The original meaning of the word firewall was a wall that is designed to stop a fire from spreading beyond a particular point. The IT industry adopted the term to describe software (or hardware) that prevents unauthorised connections past a certain point.
Think of the firewall as a doorman stood at the entrance to your computer checking the ID of every connection that wants to get in to see if they are on the list. If they are not on the list they are not getting in.
Firewalls come in all shapes and sizes. When you access the internet you are going through a firewall of some kind. Home broadband routers feature varying kinds of firewall from basic NAT (more on this later) to configurable firerwalls where you can program your own access rules. For example you may wish to allow your games console to receive incomming traffic on a specific port. Companies use server firewalls and public wifi hotspots will use something similar to your home broadband router with an authorisation process.
In order to protect your own personal PC, whether a desktop computer or portable device such as a laptop or tablet, it is extremely recommended that you have a software firewall installed.
Microsoft Windows comes with it's own basic firewall, aptly named Windows Firewall. You can find this in the Control Panel under System and Security. Windows Firewall is turned on by default. It is a basic firewall and therefore most people look around for a third party firewall to install in order to provide a higher level of security. Computer viruses and malicious software target the Windows Firewall in order to add permissions allowing them access or to disable it completely. Many anti-virus software companies offer their own firewall software to either work with or replace Windows Firewall. Windows will detect and tell you if you have no working firewall enabled.
My own preference is to use a third party firewall that offers more control over which programs on my PC can access the internet and which incomming connections I wish to allow. It will mean that the software will have to go through a learning stage after installation, meaning that you will have to deal with a pop-up asking you if the application that is trying to access the internet is trusted or not and whether you wish to allow access temporarily or permanently. After a while the firewall will have built a list of permissions and will only ask you about changed or newly installed programs.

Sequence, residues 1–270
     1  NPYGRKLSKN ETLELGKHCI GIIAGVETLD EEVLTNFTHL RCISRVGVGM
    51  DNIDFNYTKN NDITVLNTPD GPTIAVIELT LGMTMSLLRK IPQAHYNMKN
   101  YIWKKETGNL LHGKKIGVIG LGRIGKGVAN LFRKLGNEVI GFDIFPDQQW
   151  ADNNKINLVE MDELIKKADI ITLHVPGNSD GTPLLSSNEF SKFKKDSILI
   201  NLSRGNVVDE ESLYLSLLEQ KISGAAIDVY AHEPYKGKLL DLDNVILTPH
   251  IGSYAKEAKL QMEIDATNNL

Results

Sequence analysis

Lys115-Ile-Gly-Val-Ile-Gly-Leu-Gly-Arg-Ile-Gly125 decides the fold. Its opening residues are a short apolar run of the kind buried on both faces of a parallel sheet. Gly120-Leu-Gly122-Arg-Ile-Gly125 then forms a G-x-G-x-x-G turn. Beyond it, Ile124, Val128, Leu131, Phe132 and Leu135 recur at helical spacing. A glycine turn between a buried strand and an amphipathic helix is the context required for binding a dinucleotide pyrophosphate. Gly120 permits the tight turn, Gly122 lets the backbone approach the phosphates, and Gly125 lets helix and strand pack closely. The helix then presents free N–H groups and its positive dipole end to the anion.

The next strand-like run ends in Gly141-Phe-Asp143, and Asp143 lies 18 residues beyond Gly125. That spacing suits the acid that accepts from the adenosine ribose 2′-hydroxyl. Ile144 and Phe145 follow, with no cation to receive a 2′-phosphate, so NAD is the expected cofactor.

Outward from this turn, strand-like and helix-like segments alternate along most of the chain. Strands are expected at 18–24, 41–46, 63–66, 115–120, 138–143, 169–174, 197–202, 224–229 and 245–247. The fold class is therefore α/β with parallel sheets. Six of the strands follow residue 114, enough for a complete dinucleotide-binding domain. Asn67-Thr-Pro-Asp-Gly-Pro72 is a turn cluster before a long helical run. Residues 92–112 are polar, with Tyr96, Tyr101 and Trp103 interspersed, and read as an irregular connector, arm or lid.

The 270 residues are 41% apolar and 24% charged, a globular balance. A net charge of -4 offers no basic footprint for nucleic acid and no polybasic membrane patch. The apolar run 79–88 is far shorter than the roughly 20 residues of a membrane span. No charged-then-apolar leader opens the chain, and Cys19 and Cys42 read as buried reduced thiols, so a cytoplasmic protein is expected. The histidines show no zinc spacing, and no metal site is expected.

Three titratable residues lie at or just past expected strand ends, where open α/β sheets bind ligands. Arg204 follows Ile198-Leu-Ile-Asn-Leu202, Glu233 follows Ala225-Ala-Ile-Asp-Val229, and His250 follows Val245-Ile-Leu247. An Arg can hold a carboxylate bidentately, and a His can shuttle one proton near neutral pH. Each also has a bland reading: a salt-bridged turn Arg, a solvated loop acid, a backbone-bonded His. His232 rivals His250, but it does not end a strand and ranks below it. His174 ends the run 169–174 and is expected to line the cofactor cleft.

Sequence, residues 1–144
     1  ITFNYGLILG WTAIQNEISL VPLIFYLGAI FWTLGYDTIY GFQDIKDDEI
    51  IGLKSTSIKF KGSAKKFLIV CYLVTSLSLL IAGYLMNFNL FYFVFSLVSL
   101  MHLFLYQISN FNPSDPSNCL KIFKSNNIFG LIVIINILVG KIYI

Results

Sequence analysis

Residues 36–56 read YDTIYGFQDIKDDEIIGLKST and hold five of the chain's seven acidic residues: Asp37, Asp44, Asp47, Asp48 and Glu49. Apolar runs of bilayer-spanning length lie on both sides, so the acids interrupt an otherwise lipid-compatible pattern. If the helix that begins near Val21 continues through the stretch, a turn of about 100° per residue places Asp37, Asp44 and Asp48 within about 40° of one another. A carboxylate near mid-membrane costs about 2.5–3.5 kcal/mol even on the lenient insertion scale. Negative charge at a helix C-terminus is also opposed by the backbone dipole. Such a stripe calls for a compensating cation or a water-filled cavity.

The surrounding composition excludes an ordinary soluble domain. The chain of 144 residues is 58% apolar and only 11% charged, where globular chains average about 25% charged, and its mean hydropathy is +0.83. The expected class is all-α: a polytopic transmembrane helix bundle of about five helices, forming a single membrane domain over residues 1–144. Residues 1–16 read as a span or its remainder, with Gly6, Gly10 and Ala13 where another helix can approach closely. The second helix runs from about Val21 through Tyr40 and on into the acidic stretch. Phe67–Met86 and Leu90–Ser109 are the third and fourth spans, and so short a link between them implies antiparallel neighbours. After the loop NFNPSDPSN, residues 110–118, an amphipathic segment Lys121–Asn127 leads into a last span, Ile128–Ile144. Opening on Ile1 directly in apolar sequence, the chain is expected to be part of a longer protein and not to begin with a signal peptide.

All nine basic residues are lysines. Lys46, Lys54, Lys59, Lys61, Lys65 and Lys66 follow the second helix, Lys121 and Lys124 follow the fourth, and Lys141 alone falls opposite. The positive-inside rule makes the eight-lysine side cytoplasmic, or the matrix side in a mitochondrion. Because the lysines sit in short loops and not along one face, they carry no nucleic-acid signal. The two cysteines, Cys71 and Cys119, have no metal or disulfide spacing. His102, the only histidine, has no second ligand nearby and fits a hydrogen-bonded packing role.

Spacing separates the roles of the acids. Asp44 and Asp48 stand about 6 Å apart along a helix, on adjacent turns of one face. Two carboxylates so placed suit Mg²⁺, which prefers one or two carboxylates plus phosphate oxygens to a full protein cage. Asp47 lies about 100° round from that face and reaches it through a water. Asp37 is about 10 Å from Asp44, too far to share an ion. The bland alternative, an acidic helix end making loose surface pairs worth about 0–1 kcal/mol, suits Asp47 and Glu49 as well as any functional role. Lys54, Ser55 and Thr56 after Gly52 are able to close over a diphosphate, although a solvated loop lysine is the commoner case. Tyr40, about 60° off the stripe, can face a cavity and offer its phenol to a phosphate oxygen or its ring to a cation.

I mentioned NAT earlier. It's an acronym that stands for Network Address Translation. Essentially your broadband router acts as a kind of switch. All traffic to and from the internet arrives at and leaves from your router. All devices in your home connected to your router are given a unique local IP address. When traffic arrives at the router from the internet it has the job of working out which device the traffic is meant for and routes it accordingly. If incomming traffic is unsolicited, in that the router has no record of a connected device initiating it, then it ignores it.
A good router will be in total stealth mode in that any attempt to probe it for a way in will result in no response. If it responds telling the probing computer that it is rejecting it's connecion attempts then that is not stealth mode as it is telling all and sundry that it is there. To test if your router is operating in stealth mode use the free ShieldsUp! tool at www.grc.com
Advantages of having a personal software firewall on your PC
In addition to protecting your computer from malicious software and computer hackers there are a few advantages in being able to control which software installed on your computer can access the internet:
- You can block access to software that only needs access to collect and send usage data, to check your licence status or to serve you adverts from the internet
- You may wish to block peer-to-peer software or file transfer software, except when you need to share or transfer files yourself
- You may wish to reduce bandwidth usage, for example if you have a usage limit set by your internet service provider
Think of the firewall software installed on your PC as your computer's first line of defence protecting you from all the nasties out there on the internet. Without a firewall your computer is totally exposed. Your anti-virus and anti-malware software may catch some of the nasties getting in but not all and are fairly useless against hackers. With a software firewall your portable computer is protected when you connect to any network, whether at home, at work or at a public wifi hotspot.
Last updated: 7th May 2016